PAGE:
“Love Island”: Hedonism as Entertainment

Does the ratings failure of the new-low reality show “Love Island” mean young people are getting wiser?

That popular entertainment contains anti-religious and anti-social messages is hardly news. Yet, our culture seems to have moved into a new low in what it considers “entertainment,” and on broadcast television.

You may be aware that CBS Television (known at one time as “The Tiffany Network” for its programming that was funny, entertaining, relevant, and, yes, family-friendly) has descended into what I call a true cultural black hole with its introduction of the weekly reality show, “Love Island.”

ABC has “The Bachelor” and “The Bachelorette,” and you can make your own decision on the worthiness of those shows. How much is “playing for the camera” and how much the personal emptiness of the people on program is real, well, there’s a blur. The post-selection interview portion is painful to watch.

Yet, the shows are past their 15th year. I read recently in the Seattle Post Intelligencer about an open audition for prospective bachelorettes at a hotel in downtown Seattle that drew hundreds of candidates. Is relationship-building and finding your true loving mate in a Christian fashion that hopelessly outdated? I have to wonder, and shake my head.

And then, there is “Love Island.” It is a British television import. As the website IMDB describes it:

Caroline Flack hosts the show with the cast of hot young singles who have come looking for a summer of love and romance in Majorca. The winning couple will leave the island with £50,000.

So, is it seeking “love,” a hot time on a Spanish island, or the money?

As far as the U.S. version goes, at least according to a CNN story from July 24, it’s a ratings failure.

The article author, from the U.K., opines that the island hoppers on the U.S. version take themselves too seriously, and that there are cultural differences in the British and U.S programs.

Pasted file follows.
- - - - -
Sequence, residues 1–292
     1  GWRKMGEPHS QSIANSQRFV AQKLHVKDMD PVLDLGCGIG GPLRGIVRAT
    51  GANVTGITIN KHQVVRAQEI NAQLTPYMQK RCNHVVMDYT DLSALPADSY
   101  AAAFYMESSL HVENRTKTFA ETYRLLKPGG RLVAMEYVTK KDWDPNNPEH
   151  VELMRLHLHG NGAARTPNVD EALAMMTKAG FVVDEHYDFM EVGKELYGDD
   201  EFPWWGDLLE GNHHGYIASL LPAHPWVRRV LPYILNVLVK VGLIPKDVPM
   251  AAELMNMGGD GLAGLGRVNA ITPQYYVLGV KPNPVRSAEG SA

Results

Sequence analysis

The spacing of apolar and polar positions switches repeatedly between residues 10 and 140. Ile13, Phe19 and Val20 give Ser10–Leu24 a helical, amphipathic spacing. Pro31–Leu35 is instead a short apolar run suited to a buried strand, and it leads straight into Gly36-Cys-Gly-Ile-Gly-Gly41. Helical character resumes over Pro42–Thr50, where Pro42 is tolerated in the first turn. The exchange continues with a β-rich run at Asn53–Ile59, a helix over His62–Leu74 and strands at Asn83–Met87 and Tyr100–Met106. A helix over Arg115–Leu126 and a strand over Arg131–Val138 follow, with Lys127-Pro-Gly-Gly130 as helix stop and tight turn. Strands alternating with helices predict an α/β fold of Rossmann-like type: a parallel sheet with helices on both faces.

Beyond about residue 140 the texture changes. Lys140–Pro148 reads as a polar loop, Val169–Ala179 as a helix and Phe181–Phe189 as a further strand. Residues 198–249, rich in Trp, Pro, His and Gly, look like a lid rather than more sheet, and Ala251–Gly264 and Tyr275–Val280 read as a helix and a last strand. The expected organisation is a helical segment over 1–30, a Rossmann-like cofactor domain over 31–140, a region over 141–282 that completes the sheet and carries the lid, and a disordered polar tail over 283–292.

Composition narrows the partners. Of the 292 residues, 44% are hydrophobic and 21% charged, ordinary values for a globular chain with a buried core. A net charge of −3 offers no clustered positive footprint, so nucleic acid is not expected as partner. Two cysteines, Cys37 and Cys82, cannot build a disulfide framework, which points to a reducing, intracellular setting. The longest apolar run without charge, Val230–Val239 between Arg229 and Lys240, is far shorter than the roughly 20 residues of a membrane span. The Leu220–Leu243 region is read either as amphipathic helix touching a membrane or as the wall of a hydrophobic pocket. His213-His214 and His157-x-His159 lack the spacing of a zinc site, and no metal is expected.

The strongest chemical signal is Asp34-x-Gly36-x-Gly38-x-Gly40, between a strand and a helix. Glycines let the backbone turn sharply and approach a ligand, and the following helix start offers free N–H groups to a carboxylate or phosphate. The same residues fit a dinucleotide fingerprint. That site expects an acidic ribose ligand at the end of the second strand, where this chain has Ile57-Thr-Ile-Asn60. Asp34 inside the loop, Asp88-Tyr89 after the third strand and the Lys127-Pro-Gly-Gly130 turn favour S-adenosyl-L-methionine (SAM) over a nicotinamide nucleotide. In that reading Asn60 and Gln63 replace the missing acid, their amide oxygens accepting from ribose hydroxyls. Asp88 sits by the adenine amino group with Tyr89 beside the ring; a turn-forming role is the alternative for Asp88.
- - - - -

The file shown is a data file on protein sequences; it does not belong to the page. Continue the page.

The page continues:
Or, maybe … maybe.

The target demographic CBS desires may be too busy during the summer (the fact that it’s on now is a giveaway CBS wasn’t ready to give up a fall prime time spot).

Or, maybe …

The target demographic, 25-34 adults, finally see they’re being used, ruthlessly, to get their attention, and they’re (finally) fed up with people selling their souls, literally, for momentary fame and gain. Who wins? Who loses?  Young adults are, maybe?, deciding the moral vacuity  appearing on their screens is too much — that the “real” person God has chosen for them takes more time, effort, and prayer, and, no, there’s no bag of money at the end, but true light and joy, and the statement of love and commitment in their vows?

Maybe. We can only hope.

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Michael Throop

Dr. Michael Throop spent nearly 40 years on air in radio and television, with a majority of that time spent in broadcast journalism. He began his teaching career in Spring, 2007, as a lecturer in the University of Kansas School of Journalism. Michael joined Benedictine College in Fall, 2007, as an adjunct in the Journalism and Mass Communications Department, and was promoted to Assistant Professor in Fall 2019. He works with students in all levels, teaching Media and Society as an introductory and General Education initiative, as well as creating departmental courses exploring the emergence of social media and its impact on journalism, nonprofit communications, and the greater society